The International Trade Commission (ITC) issued a general exclusion order in the 936 Investigation on July 6, 2016, that bars importation of shoes infringing two Converse trademarks on a diamond-patterned “outsole” (or shoe bottom). But the ITC found invalid a third Converse trademark on a “midsole” design, reversing the Administrative Law Judge on that point.
The validity of Converse’s midsole trademark turned on whether it had acquired “secondary meaning.” For a trademark to have secondary meaning, consumers must believe that products having the trademark originate from a single source.
The ITC concluded that Converse’s midsole trademark had not acquired secondary meaning. The ITC gave substantial weight to consumer surveys showing that the trademark lacked secondary meaning. The ITC characterized consumer survey evidence as the most important factor in a secondary meaning assessment. The ITC also noted that since the 1920s, many companies had sold shoes with the same midsole design. That fact made it unlikely, in the ITC’s view, that consumers would think that shoes having the design all come from one source (i.e., Converse).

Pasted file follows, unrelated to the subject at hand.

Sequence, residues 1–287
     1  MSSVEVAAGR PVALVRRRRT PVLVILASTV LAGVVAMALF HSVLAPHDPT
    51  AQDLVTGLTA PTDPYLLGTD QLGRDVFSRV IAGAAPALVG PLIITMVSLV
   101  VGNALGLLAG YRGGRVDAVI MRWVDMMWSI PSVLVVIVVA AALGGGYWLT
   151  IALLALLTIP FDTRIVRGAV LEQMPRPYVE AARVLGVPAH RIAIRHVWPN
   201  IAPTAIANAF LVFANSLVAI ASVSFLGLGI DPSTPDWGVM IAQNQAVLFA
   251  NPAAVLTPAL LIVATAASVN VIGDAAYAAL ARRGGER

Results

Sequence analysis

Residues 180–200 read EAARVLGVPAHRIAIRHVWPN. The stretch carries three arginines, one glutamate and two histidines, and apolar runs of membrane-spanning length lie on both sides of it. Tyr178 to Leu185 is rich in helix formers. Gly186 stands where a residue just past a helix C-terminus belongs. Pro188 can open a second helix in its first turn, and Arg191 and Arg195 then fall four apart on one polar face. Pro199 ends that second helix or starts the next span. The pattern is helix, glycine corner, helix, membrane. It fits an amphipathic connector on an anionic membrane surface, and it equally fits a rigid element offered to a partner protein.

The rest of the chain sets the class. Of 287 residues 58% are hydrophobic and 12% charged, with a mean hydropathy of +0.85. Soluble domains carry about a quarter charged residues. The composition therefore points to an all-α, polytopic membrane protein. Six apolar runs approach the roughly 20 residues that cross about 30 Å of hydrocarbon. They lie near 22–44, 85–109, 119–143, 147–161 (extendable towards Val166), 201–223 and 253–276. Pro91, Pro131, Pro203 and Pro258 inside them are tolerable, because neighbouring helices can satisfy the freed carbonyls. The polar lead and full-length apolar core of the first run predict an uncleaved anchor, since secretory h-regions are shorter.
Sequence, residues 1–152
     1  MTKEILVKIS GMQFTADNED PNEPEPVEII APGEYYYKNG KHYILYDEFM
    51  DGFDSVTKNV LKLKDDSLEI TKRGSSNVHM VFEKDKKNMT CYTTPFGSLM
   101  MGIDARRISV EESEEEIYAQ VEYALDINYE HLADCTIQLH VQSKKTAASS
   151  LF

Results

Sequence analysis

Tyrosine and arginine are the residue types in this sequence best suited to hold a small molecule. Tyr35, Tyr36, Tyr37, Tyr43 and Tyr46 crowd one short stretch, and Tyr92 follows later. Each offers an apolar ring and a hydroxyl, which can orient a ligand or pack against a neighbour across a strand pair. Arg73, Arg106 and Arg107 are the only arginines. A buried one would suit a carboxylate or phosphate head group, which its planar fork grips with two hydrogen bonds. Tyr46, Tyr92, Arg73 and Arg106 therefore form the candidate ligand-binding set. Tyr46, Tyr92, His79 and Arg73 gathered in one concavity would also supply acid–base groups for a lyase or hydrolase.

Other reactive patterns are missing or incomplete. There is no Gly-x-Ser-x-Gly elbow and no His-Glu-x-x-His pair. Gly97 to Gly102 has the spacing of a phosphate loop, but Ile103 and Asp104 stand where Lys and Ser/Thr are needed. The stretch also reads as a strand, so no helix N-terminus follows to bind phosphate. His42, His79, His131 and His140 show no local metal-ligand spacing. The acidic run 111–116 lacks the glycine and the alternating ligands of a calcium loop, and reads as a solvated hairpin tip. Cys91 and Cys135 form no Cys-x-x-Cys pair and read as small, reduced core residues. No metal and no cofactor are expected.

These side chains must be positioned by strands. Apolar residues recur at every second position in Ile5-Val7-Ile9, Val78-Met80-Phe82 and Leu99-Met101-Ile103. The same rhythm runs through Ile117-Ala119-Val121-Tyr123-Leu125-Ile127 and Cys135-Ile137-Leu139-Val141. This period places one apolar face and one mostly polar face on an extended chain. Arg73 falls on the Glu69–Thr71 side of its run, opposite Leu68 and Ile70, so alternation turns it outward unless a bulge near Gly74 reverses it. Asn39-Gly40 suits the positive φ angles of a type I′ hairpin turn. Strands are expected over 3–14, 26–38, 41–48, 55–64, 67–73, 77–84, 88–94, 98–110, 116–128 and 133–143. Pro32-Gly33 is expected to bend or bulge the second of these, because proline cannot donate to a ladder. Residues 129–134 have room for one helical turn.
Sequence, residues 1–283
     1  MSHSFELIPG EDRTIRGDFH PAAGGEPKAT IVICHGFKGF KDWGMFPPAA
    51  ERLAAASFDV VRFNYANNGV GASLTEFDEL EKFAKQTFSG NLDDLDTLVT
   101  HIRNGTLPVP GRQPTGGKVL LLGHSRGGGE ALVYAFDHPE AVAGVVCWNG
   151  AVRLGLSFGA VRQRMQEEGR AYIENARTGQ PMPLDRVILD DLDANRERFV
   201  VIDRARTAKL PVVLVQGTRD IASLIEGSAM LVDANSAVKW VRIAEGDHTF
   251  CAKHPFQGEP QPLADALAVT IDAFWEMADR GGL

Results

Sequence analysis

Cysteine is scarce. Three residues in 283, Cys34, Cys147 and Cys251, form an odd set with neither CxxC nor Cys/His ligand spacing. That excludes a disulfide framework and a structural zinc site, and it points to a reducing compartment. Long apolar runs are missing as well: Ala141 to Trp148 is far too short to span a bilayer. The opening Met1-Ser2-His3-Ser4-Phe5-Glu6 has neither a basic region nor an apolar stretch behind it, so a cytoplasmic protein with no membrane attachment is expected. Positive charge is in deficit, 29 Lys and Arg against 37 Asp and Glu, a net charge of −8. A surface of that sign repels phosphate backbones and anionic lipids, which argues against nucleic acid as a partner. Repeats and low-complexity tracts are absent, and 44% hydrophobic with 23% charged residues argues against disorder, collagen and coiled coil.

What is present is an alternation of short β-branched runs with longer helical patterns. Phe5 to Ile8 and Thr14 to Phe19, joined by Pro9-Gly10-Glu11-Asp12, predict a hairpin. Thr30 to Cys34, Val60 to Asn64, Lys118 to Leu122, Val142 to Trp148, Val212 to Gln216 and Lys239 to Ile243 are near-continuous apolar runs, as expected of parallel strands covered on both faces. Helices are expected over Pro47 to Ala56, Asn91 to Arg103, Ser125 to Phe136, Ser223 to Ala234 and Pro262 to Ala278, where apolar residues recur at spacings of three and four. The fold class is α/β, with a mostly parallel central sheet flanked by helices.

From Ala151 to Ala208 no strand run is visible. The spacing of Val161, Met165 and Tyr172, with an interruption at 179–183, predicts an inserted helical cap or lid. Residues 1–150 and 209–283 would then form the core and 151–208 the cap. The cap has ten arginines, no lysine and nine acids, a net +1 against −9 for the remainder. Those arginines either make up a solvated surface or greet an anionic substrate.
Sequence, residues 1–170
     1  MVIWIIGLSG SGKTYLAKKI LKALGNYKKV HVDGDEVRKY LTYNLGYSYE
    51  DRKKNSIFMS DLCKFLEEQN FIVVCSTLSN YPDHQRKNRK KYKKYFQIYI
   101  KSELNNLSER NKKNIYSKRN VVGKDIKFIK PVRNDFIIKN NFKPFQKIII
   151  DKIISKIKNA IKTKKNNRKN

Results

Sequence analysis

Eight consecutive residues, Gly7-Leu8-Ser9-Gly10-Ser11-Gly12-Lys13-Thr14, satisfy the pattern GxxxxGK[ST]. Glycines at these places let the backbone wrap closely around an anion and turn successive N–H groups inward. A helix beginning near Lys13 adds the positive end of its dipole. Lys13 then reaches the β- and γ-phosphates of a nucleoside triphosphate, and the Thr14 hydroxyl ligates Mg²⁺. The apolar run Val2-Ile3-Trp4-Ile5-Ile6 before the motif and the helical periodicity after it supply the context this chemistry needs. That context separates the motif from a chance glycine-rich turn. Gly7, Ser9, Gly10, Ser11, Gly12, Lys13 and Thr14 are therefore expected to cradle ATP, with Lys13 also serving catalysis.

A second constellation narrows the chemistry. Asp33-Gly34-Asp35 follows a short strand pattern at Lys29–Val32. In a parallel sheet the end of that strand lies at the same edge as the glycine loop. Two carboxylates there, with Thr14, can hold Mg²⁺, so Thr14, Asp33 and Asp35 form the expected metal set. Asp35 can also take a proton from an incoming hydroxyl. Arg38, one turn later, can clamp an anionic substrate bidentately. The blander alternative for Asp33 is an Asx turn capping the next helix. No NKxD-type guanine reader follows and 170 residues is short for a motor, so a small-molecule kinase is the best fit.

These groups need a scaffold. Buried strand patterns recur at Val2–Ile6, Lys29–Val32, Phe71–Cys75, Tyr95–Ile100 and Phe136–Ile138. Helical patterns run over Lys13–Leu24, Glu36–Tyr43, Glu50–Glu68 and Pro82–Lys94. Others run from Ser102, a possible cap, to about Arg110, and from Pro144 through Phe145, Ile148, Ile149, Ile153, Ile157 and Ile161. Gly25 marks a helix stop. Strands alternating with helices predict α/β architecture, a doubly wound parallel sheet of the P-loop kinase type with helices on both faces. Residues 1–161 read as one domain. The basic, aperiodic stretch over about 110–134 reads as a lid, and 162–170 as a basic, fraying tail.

With respect to Converse’s outsole trademarks, the ITC confirmed that they were valid and infringed by a defaulting respondent. The ITC issued a general exclusion order, barring all importation of infringing shoes regardless of source, based on two findings. First, the ITC found that the defaulting respondent was likely to circumvent a limited exclusion order by using third-party intermediaries to import infringing shoes. Second, the ITC found that there was a widespread pattern of importation of infringing shoes by sources difficult to identify.
According to the ITC’s online statistics, trademark-infringement investigations have accounted for less than five percent of ITC investigations over the past decade. The ITC has instituted two trademark-infringement investigations so far in CY 2016.
Converse is appealing the ruling that its midsole trademark is invalid.